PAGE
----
Avoid Employment Misclassification Problems
Before determining the services and exchange between yourself and a hired worker, employers should determine the nature of their relationship with the worker. The classification of a worker determines both the valid tax procedure and employer-provided service obligations. The following four worker classifications are the primary types of workers:
- An independent contractor
- An employee (common-law employee)
- A statutory employee
- A statutory nonemployee
The Internal Revenue Service provides three common rules for classifying workers; however, businesses must weigh the three determinants as a whole rather than individually. The following common rules determine the nature of the employment:
- Does the company have the right to control what the worker does and how the worker does his or her job?
- Are the business aspects of the worker’s job controlled by the payer? (these include things like how worker is paid, whether expenses are reimbursed, who provides tools/supplies, etc.)
- Are there written contracts or employee type benefits (i.e. pension plan, insurance, vacation pay, etc.)? Will the relationship continue and is the work performed a key aspect of the business?
Businesses must weigh all these factors when determining whether a worker is an employee or independent contractor. Some factors may indicate that the worker is an employee, while other factors may indicate that the worker is an independent contractor. It is common practice for employers to misclassify workers to avoid the costs of workers compensation, overtime pay and other employer obligations associated with employment of workers classified as employees. The most common form of this misclassification occurs when employers label workers as independent contractors rather than employees. The indirect incentives of labeling an employee an independent contractor often prompt illegal misclassification and thus future financial and legal consequences for the employer. These consequences include:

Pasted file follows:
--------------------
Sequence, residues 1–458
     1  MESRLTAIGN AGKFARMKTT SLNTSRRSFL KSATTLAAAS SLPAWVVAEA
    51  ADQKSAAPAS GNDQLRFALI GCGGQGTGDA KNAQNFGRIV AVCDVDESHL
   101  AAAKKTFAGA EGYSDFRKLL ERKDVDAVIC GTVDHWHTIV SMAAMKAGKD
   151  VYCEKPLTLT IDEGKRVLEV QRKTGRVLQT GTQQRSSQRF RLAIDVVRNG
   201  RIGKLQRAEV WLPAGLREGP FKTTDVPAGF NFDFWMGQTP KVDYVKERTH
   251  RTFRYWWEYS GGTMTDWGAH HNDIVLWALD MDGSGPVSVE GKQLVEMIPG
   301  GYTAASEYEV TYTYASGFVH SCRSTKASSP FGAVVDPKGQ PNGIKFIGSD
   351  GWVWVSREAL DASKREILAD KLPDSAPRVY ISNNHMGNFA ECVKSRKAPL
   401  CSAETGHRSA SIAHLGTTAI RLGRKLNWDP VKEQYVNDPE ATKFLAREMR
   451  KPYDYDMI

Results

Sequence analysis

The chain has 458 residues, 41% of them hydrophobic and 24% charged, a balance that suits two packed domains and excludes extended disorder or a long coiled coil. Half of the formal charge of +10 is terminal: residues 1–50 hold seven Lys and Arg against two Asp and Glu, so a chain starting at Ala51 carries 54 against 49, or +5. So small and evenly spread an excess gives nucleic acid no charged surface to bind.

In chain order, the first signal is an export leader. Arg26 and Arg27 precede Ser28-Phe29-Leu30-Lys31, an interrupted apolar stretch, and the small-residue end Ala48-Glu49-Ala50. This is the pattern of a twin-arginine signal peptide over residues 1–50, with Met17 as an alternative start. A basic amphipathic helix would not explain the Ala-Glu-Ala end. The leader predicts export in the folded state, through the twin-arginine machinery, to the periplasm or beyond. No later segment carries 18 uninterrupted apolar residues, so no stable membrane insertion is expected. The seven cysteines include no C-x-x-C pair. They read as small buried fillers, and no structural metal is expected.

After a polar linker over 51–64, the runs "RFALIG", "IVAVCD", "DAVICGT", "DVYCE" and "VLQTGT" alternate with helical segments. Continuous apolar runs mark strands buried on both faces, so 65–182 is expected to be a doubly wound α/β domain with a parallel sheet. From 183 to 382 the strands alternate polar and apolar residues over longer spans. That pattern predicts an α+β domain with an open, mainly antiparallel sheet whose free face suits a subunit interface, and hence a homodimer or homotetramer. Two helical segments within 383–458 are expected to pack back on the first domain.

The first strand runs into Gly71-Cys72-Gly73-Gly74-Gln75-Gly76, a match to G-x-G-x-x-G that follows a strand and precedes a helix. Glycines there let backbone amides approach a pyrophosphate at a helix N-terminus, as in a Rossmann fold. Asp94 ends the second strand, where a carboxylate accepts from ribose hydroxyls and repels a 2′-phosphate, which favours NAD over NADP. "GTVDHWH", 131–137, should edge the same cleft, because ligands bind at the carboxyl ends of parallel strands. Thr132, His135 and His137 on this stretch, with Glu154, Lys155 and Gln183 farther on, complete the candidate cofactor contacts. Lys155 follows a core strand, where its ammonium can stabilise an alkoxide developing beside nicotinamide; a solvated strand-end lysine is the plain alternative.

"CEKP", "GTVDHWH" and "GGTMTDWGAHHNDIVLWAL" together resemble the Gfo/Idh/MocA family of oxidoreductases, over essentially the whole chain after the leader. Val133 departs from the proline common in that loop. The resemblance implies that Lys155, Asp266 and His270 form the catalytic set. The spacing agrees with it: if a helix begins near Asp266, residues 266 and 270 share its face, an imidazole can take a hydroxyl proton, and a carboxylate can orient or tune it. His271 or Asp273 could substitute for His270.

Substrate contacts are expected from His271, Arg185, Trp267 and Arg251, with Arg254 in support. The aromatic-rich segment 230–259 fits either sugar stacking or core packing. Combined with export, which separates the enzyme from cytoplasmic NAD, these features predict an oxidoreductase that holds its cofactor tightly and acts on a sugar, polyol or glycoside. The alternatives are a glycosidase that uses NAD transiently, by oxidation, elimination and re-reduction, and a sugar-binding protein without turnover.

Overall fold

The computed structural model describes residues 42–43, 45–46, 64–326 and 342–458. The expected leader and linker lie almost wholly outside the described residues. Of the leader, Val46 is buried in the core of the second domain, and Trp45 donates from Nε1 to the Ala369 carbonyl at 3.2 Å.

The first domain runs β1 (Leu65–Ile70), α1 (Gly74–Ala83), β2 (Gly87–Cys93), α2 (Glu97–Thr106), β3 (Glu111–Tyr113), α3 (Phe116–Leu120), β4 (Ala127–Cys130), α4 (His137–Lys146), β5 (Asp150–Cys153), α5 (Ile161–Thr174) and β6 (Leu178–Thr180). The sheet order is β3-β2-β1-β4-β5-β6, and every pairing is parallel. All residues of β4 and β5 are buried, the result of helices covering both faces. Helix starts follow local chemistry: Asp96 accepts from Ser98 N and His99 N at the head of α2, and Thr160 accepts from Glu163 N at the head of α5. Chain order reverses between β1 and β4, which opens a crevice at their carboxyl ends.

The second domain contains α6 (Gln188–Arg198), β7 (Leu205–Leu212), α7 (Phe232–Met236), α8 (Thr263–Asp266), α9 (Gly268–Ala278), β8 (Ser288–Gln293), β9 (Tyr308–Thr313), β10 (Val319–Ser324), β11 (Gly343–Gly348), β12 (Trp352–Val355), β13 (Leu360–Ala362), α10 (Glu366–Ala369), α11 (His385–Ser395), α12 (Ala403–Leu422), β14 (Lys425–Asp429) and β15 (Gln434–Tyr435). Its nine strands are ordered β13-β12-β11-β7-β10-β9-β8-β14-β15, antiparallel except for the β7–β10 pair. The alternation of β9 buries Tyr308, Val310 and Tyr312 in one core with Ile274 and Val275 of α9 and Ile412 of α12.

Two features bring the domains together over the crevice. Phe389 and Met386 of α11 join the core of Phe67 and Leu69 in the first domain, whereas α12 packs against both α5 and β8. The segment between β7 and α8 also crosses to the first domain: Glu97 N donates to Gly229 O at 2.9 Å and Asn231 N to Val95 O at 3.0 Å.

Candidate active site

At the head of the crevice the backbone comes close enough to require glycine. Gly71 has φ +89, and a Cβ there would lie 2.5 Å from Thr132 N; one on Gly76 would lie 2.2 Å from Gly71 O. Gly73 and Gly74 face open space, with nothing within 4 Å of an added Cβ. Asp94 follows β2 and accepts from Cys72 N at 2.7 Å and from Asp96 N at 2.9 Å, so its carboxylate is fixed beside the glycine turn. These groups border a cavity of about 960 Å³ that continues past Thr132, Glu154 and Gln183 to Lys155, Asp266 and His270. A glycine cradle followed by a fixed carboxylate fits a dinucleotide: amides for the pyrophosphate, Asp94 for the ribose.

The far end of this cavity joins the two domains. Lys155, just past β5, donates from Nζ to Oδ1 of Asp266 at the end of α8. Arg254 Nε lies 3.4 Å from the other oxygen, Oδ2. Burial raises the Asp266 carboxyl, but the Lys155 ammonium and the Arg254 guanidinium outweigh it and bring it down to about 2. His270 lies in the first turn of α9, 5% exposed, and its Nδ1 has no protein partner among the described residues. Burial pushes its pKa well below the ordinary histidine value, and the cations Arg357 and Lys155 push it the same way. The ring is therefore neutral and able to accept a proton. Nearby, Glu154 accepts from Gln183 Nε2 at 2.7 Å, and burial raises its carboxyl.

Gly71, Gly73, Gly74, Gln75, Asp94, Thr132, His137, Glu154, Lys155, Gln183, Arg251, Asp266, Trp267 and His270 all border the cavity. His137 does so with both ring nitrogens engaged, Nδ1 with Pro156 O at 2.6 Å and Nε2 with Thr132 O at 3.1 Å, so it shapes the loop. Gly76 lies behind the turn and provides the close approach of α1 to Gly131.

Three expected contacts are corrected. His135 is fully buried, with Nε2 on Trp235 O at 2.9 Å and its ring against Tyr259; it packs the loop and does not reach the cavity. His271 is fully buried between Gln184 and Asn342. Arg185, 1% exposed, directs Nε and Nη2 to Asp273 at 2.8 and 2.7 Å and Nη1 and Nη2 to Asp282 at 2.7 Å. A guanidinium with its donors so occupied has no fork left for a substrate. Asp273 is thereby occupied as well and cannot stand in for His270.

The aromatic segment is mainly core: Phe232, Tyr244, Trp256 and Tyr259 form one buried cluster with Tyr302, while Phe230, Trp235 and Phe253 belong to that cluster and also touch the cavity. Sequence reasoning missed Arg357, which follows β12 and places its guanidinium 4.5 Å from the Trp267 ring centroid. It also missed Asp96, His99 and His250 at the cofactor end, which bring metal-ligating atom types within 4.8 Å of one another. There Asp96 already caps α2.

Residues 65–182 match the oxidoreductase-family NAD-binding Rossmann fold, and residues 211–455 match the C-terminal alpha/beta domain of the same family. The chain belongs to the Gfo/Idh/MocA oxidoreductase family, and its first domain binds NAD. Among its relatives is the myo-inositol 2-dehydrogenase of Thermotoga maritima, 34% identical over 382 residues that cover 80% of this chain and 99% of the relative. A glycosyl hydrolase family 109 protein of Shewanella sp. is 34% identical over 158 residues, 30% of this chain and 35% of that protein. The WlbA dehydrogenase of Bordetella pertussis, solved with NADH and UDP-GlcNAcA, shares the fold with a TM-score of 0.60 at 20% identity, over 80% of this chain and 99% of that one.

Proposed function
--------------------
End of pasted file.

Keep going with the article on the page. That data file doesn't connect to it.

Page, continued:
- Liability for overtime premium, meal period pay, and other remedies available to employees under the Labor Code and Orders of the Industrial Welfare Commission;
- Exposure for tort liability for injuries suffered by employees when workers compensation insurance is not secured;
- Exposure for unfair business practices; and
- Tax liability and penalties;
All California businesses are thus advised by the California Department of Industrial Relations to consider seeking legal advice when employing independent contractors to regularly perform work that is integral to the business of the company. For more information regarding labor laws and employment misclassifications, or to schedule a personal consultation, contact us today. Our professional insight and objective viewpoints might just save your company money.